New Pipe Systems Mean Renewed Life for Thousands in West Africa

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The World Chlorine Council donated $125,000 for pipes in West Africa that will mean access to safe, clean water for tens of thousands of people in the region.

The World Chlorine Council donated $125,000 for pipes in West Africa that will mean access to safe, clean water for tens of thousands of people in the region. The Council, a global network of industry trade associations and companies, also actively supports the West African Water Initiative by providing materials used by World Vision and other members.

The grant will be used by World Vision to purchase extensive amounts of polyvinyl chloride piping for its West African Water Initiative operations in Ghana and Mali. Made of chlorine, the PVC piping is bacteria-resistant, which helps maintain the quality of water when it flows from local borehole wells to rural communities. That is essential to ensure residents receive safe and clean water.

“The World Chlorine Council’s generous gift is a prime example of how an organization plays a vital role in facilitating access to potable water,” said Bismark Nerquaye-Tetteh, Secretariat of the West African Water Initiative.

In partnership with other WAWI members, World Vision is drilling 825 borehole wells and providing other water technology systems in rural West Africa, bringing the gift of health and clean water to nearly 500,000 people over a six-year period.

“World Vision knows that clean water is life,” said Rich Stearns, President of World Vision.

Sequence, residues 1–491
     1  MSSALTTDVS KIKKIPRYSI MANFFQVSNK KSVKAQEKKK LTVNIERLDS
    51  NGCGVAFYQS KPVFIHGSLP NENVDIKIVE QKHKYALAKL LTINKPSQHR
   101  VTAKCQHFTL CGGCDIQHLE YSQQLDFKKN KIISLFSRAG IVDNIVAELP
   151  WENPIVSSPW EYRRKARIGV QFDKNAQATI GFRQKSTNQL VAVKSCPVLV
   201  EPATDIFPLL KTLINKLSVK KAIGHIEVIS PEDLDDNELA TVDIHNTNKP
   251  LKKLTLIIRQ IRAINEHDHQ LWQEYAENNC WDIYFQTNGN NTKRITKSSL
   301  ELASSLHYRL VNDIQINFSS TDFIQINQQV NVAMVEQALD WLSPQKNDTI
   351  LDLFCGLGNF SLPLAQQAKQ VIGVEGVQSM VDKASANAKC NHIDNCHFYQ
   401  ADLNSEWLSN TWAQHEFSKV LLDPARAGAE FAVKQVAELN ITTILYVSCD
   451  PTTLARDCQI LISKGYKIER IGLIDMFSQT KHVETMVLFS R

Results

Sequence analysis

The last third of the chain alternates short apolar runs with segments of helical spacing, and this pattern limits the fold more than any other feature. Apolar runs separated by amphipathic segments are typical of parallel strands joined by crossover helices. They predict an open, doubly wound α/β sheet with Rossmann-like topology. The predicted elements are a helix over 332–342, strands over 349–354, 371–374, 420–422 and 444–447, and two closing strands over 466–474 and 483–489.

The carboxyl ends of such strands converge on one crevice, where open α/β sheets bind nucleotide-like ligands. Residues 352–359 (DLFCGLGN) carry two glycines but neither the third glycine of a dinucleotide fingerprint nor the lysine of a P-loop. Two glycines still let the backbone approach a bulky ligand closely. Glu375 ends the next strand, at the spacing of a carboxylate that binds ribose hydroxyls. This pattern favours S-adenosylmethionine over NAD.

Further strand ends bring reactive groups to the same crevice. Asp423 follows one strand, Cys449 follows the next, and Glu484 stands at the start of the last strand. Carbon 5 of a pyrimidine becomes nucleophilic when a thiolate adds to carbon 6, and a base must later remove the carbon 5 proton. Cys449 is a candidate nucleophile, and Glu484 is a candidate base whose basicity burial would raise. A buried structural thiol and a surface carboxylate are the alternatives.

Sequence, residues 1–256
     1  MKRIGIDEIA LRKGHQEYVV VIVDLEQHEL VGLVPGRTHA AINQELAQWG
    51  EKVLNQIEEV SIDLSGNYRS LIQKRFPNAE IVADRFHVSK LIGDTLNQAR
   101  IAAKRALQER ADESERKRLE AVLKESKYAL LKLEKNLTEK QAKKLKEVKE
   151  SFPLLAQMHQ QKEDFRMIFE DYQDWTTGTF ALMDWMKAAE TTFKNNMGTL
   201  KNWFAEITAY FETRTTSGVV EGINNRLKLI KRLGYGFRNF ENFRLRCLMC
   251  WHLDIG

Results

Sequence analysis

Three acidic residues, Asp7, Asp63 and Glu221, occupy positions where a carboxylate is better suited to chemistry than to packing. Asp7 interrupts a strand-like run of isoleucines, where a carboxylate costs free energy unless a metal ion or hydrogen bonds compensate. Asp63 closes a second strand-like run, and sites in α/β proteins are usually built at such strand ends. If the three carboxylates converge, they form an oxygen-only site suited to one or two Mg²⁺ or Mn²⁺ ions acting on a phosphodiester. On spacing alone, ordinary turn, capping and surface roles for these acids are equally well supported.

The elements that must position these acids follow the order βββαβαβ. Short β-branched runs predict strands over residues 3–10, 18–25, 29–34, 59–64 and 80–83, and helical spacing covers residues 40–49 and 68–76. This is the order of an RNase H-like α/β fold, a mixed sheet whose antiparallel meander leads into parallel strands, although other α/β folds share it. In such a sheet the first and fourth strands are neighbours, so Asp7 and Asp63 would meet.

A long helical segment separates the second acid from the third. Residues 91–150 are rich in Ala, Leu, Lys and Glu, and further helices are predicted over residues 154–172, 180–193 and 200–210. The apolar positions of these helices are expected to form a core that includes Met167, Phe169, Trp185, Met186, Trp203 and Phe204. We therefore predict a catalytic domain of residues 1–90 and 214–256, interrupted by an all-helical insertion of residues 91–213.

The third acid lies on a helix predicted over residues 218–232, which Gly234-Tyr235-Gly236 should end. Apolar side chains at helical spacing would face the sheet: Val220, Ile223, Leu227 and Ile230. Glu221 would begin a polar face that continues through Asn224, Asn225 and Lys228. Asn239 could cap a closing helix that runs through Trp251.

“We’re proud to partner with the World Chlorine Council in supporting efforts to ensure that communities in need receive this essential resource.”

Access to clean water can prevent death, end conflicts, save precious time and provide the key to transform entire communities. World Vision water projects have given more than 10 million people access to clean water and improved sanitation over the past 20 years.

The West African Water Initiative was inspired by the vision of the Conrad N. Hilton Foundation and grew from years of experience with partners in Ghana to provide rural water supply and sanitation as the entry point for community development. Several leading organizations in international water management engage with national and local governments, citizen groups, and communities in West Africa to jointly address critical human health needs, poverty alleviation and sustainable development through better management of water resources.

The Council is a global network of national and regional trade associations and their member companies representing the chlorine and chlorinated product industries.

Media Contacts:
Anne Duffy - World Vision 202-572-6340 (office) 202-352-5408 (cell)
Karen Kartes – World Vision 253-815-2163 (office) 206-351-4315 (cell)

World Vision is a Christian relief and development organization dedicated to helping children and their communities worldwide reach their full potential by tackling the causes of poverty. World Vision serves the world’s poor regardless of a person’s religion, race, ethnicity, or gender. For more information, visit http://www.worldvision.org.

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